How to Become a Game Warden in North Dakota

Have you been searching for information on how to work as a Game Warden in North Dakota? We have compiled some important information for you on your path to working as a Game Warden in North Dakota, or a North Dakota Wildlife Officer. North Dakota Game Warden requirements are specific. We are here to help you on the path toward working as a Game Warden.

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North Dakota Game Warden Eligibility Requirements

Age: 21 years old or older is mandatory in North Dakota during the period of entry to academy.

Permit: A legal North Dakota-issued driver’s license is needed.

Military Service: Applicants that are former members of the USA military require ‘Under Honest States’ release documentation.

Work Qualifications: Applicants should be eligible prior to the procedure continues to accept employment.

Legal History: The following factors are considered disqualifying components:

  • Convictions of felony
  • Determination of sex offender
  • Convicted of any offense that prevents one form legally carrying a firearm
  • Hooked on narcotics
  • Unsuccessful urinalysis drug testing before employment

Academic Qualifications: GED or high school diploma is required. A Bachelor’s degree isn’t demanded, but applicants are likely to possess expertise in law enforcement or wildlife management before application.

Added Requirements: State test scores

Training comprises:

  • Criminal, civil, and court proceeding
  • Training in the environment
  • Best practices for policeman patrol and traffic direction
  • Firearms training
  • Trafficking enforcement
  • Added training that is special

Interview: Nominees are going to have a structured oral interview through the later phases of the application procedure.

Hearing: The applicant must have hearing sufficient to perform every one of the critical responsibilities and functions of a Warden.

Eyesight: Visual acuity not less than 20/40 without correction in each eye and corrected to 20/20 in each eye. Normal color vision is required. Having good vision for the periphery is expected.

Physical Preparation: The candidate must be in sound physical condition and adept at swimming. Applicants must successfully complete each part of the physical preparation testing.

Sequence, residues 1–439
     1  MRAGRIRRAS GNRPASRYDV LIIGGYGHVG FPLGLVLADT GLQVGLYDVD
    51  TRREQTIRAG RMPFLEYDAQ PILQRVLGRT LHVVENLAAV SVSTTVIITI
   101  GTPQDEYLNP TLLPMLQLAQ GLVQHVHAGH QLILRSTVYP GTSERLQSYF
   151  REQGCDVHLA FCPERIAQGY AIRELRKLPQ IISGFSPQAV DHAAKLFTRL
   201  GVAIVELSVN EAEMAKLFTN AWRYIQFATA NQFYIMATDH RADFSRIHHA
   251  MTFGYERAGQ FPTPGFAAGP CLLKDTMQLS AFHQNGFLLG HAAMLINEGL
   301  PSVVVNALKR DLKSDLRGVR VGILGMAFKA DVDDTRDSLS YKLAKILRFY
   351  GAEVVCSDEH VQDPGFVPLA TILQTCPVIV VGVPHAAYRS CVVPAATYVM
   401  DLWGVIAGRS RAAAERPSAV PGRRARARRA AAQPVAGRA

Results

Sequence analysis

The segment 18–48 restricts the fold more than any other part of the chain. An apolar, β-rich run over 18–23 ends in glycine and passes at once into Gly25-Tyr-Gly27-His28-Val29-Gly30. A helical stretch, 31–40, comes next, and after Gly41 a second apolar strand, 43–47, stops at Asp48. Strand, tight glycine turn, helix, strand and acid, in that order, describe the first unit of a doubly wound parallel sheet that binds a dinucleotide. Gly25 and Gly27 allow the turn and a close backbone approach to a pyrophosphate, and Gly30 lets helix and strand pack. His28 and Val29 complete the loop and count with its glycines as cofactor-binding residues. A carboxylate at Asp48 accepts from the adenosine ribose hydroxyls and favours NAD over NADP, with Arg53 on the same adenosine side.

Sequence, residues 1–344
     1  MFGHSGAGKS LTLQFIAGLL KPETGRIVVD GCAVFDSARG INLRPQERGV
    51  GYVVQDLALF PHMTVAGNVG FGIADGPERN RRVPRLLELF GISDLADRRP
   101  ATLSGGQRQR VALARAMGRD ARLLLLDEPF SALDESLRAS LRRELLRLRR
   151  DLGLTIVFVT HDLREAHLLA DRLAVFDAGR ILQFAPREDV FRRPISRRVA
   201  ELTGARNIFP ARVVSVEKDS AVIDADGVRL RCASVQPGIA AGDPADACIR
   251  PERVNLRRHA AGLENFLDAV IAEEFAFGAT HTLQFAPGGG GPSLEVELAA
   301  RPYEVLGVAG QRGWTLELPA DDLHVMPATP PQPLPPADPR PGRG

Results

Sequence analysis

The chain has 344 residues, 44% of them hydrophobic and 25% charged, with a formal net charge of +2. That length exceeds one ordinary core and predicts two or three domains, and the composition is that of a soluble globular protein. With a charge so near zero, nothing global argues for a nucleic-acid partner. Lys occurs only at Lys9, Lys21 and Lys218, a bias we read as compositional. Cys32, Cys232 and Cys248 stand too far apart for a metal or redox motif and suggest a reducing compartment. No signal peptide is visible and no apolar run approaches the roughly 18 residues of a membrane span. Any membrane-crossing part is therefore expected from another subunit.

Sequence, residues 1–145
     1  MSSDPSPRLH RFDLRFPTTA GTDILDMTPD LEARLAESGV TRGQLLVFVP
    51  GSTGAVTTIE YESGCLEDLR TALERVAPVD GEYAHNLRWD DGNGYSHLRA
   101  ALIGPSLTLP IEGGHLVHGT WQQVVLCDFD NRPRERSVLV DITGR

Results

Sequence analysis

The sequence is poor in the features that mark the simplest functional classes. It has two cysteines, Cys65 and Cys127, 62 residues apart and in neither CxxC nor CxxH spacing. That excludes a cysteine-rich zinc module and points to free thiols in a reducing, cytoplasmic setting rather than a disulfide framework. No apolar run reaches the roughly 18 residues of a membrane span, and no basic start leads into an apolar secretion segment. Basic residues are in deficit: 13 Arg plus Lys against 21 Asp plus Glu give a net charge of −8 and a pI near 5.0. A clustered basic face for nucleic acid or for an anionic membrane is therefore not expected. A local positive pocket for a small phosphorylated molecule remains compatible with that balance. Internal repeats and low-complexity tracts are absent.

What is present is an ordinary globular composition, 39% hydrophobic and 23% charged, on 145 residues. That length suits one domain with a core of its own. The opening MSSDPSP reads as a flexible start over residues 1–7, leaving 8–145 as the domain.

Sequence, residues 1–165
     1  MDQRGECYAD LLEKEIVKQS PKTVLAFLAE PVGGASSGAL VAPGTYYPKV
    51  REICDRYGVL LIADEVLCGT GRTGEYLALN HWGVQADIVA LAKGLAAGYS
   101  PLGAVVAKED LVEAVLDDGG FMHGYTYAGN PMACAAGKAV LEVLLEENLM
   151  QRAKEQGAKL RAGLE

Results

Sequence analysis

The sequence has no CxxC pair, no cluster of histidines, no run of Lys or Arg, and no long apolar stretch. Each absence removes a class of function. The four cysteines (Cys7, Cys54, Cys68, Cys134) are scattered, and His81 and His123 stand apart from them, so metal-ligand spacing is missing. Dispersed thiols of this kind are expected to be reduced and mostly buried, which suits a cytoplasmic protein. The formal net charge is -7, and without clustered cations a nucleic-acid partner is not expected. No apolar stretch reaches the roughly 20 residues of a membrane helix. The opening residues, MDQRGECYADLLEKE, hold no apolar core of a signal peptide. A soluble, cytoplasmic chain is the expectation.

Mental Illness: Applicants will be involved in a psychological assessment to confirm their hiring appropriateness.

Desirable Qualifications for North Dakota Game Wardens, or North Dakota Wildlife Officers

  • Required to utilize various firearms and weapons
  • Readiness to professionally and enthusiastically represent the bureau at North Dakota assemblies and schools of special interest groups
  • Efficiently work and negotiate a vehicle in challenging environments
  • Professional school or development classes in natural resource management, criminology, psychology, business sciences or management
  • Capable of working with word processing, spreadsheet, database and e-mail applications in a networked environment
  • Skill at utilizing software that is proprietary
  • Capability to make some vehicle repairs
  • Skilled at communicating with professional degree English grammar, spelling, punctuation, vocabulary, and writing; comprehension and reading
  • Capable of making use of foundational mathematics skills, including estimate, payroll/accounts receivable, and advanced arithmetic

North Dakota Game Warden

Salary Information for North Dakota Fish and Game Wardens

Game wardens in North Dakota take home a great salary while pursuing a fulfilling career protecting fish and game in the state. According to the Bureau of Labor Statistics, the average game warden in the state of North Dakota makes a median salary of $67,760 per year.

Contact Info:

North Dakota Game and Fish Department
100 N. Bismarck Expressway, Bismarck, ND 58501-5095
Phone: 701-328-6300
E-mail: [email protected]

Discover Programs for Game Wardens in North Dakota

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Choose an area of study & concentration and receive free information about programs you are interested in. Federal and state game wardens are law enforcement officers and wildlife conservation specialists, so having a degree in an area like environmental science or wildlife management is just as important as experience in law enforcement.